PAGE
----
Our Story

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In 1954, Christopher Fenwick and Guy Powell joined forces to create what is now known as Powell Fenwick Consultants – helping shape the buildings and structures we see today.

The company has since gone from strength to strength and become one of the largest multidisciplinary engineering consulting businesses in the South Island, building a reputation for delivering quality and detailed services.

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A brief timeline of our evolution

In 1938, Guy began working as an engineering consultant from his home in Riccarton, using the namesake EGS Powell Ltd.

By the mid-forties, Guy made the shift to a central city office and employed graduate engineers to assist through the post-war construction boom.

Key projects consisted of education buildings such as Hokitika High School and Cobden School, churches including the Convent of the Good Shepherd and St Stephens in Shirley, and pubs such as Somerset Hotel and Club Hotel.

Honouring a pact made while attending university some 30 years earlier, Guy and his friend, Chris, formed a partnership in 1954. A short time later, they changed the company’s name to better reflect their partnership. With Chris’ expertise, Powell Fenwick now offered a wider variety of building services including structural, civil, mechanical and electrical.

A long list of community halls, freezing works and other rural-export focused projects to match the growth in national exports were worked on during this time. In line with the country’s bridge building programme, the high-profile Waltham Road Railway and Colombo Street bridges - among many others – were also built.

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It was a busy time for Powell Fenwick with the company expanding and setting up offices in Invercargill, Wellington, Napier, Auckland, Timaru and Papua New Guinea.

Work on national bridges continued. One of the most prominent of these was the Colombo/Moorhouse flyover, which was later entered for the NZ Institute of Engineers Design Award.

In the late sixties, one of Powell Fenwick’s structural engineers, Barry Ramsay, obtained a scholarship to study in England for a year. From this, he went onto design the first building in Christchurch with seismic design.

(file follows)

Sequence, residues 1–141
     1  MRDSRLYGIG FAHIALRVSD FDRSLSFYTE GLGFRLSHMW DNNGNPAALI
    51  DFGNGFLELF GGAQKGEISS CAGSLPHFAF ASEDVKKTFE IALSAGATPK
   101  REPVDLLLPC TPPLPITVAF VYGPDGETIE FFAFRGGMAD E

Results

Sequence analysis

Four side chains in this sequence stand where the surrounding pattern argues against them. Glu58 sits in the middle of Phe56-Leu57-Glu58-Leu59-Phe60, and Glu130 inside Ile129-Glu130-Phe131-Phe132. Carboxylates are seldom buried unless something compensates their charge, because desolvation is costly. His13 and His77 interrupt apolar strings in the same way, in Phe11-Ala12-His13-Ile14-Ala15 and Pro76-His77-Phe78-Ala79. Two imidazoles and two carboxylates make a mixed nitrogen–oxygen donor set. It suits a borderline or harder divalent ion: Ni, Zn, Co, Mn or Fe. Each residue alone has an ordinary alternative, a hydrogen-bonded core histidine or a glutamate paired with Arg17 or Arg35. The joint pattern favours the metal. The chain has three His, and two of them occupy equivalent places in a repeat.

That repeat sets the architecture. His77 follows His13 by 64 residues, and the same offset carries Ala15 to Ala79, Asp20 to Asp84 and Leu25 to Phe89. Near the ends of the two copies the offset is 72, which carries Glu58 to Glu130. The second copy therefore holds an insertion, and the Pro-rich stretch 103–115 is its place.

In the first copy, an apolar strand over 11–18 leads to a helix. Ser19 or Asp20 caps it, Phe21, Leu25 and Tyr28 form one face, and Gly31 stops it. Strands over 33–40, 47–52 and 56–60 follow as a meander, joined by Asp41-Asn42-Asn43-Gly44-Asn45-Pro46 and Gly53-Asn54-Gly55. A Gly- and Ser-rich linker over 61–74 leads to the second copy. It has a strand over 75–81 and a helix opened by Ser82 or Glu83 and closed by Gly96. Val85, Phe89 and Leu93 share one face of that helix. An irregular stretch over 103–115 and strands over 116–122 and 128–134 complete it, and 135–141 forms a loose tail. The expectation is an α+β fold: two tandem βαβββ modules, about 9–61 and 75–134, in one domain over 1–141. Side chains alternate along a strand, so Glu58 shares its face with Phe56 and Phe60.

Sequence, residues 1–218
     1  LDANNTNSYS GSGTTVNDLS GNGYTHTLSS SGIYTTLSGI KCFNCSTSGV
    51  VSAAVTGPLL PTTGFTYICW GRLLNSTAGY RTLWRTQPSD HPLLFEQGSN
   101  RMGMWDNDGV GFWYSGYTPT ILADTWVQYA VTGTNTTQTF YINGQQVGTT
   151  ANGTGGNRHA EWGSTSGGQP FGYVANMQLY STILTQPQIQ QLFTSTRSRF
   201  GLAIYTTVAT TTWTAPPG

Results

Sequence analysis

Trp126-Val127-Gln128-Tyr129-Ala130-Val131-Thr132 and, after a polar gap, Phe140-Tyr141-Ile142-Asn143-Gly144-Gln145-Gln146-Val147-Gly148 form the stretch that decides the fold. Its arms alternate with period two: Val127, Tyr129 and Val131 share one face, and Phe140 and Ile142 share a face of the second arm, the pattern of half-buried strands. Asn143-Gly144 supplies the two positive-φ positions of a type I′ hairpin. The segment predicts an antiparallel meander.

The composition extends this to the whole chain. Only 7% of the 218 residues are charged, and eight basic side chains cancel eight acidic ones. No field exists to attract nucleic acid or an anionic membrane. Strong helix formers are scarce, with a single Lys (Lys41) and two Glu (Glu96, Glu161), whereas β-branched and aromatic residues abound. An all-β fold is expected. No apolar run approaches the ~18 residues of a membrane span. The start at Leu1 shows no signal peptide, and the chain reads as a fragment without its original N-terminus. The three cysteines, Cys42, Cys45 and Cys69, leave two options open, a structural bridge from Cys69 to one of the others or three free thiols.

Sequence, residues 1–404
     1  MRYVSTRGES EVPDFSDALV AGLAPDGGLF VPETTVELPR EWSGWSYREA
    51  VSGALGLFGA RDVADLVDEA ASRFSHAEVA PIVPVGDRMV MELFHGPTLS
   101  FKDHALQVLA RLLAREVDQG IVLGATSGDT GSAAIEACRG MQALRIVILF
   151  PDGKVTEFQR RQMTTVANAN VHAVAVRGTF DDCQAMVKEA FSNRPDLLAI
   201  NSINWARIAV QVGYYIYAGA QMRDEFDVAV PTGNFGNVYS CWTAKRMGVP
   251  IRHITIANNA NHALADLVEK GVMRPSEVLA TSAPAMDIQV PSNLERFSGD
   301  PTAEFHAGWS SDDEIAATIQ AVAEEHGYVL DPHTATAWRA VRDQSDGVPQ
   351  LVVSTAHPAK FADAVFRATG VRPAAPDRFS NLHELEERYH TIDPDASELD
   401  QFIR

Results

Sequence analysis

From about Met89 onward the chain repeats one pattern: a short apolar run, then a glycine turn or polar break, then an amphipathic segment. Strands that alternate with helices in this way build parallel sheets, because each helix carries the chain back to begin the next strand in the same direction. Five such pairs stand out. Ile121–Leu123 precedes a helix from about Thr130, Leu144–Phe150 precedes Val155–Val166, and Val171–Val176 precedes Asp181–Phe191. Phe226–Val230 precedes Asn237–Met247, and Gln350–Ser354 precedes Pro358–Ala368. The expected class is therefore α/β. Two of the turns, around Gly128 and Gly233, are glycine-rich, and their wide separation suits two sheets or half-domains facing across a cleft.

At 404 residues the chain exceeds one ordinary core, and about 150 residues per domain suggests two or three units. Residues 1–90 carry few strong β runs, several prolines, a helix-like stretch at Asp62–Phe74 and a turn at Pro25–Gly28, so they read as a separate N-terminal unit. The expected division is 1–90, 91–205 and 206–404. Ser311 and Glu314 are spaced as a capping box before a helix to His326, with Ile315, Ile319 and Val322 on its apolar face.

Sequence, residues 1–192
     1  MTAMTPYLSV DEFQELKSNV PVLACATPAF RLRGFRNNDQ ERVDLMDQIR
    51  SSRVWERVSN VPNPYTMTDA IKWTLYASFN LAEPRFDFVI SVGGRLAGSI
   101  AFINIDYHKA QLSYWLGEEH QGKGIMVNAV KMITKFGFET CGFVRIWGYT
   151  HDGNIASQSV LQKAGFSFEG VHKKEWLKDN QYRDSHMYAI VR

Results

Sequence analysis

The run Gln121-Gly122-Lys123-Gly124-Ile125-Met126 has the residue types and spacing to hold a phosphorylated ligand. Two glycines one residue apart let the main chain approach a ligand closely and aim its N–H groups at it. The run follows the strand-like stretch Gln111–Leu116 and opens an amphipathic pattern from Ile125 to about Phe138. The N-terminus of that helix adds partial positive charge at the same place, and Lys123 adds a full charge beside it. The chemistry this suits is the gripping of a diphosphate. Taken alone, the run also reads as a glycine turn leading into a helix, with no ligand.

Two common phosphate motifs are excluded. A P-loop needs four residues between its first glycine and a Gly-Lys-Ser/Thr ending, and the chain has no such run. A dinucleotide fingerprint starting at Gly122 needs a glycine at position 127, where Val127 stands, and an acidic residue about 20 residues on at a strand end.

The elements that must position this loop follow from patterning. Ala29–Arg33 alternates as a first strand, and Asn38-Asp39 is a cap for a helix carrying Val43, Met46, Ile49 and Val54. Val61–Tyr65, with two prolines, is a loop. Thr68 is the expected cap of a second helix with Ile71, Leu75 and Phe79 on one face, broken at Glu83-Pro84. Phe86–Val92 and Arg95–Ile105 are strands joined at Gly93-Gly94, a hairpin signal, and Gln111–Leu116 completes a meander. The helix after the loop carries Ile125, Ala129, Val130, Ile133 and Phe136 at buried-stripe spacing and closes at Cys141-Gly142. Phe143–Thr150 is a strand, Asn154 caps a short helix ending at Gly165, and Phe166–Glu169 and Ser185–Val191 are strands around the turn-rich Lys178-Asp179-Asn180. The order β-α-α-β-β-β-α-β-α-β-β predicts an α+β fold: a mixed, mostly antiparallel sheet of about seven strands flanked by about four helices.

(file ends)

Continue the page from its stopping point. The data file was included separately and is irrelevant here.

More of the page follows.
It was time for the founders to hang up their hats, with Chris retiring in 1976 and Guy retiring only three years later at the age of 73. Longstanding employee Barry was now at the helm.

Throughout this decade, New Zealand business was rocked by inflation and nationwide unemployment. A restructure ultimately led to Powell Fenwick focusing on its Christchurch-based business.

“I came up with three strategies: to stay in Christchurch; to focus mainly on the local market; and to manage risk by building up the multidisciplinary side of the practice.”
Barry Ramsay, Ex-Managing Director

A commercial property boom led to significant construction in the Christchurch CBD – many of these being Powell Fenwick sites. This included iconic buildings such as the ANZ Bank on Victoria Street, Heatherlea Apartments, Chateau Blanc Suites in Cranmer Square, refurbishment of Lincoln College’s Ivey Hall, and Christchurch Polytechnic’s Nursing and Science Block, to name a few.

In the late eighties, it was bad news as the stock market lost a quarter of its value in a single morning. For the next few years, construction ground to a halt; the boom was over.

Powell Fenwick weathered the ensuing recession to double its market share with key projects, including various Christchurch and Dunedin Hospital upgrades.

By 1993, tourism surges and increased immigration spurred the economy forward. Multiple offices were refurbished to hotels - including the former 11-storey housing corporation building, which is now the 180-room Millennium Hotel. Banks, education and retirement buildings were a key staple to the Powell Fenwick portfolio during this time.

The early noughties also brought with it plenty of change with the introduction of AutoCAD technology to the office, as well as the new Building Code. The building code impacted fire safety and egress design, and it soon became clear this was an engineering discipline given its complexity. This ultimately led to the formation of the company’s Fire department.

Residential property provided a steady flow of work throughout the early 2000s thanks to a reduction in the official cash rate.

2004 saw Barry Ramsay finally retire: His legacy lives on in the fun, family culture Powell Fenwick upholds to this day.

By 2008, another recession was in full effect, however Powell Fenwick’s diverse portfolio kept the company moving. The $22M University of Canterbury School of Biological Sciences building and the $113M Te Hononga Christchurch Civic Building for the council staff ensured smoother sailing during this trying time for many businesses.

The 2010s were a difficult decade for Christchurch and largely defined by the devastating 2010-11 earthquakes - and all the destruction they brought to our families, friends and fellow Cantabrians. A near endless stream of work resulted as Powell Fenwick teams navigated people through the post-earthquake recovery.

The years that followed involved many earthquake inspections, repairs and rebuilds, which are still continuing to this day. Landmark replacement projects include Tūranga central city library and Ara’s Kahukura building, as well as new initiatives such as the He Puna Taimoana New Brighton Hot Pools, and many more.

With a steady stream of work, the company’s size has doubled in just ten years to over 120 staff.

Powell Fenwick currently comprises of Structural, Mechanical, Electrical, Fire, Civil, Hydraulic, Acoustic and GSAP engineering consultants, providing services locally and nationwide – continuing the legacy of its founders and the many people who have made the company what it is today.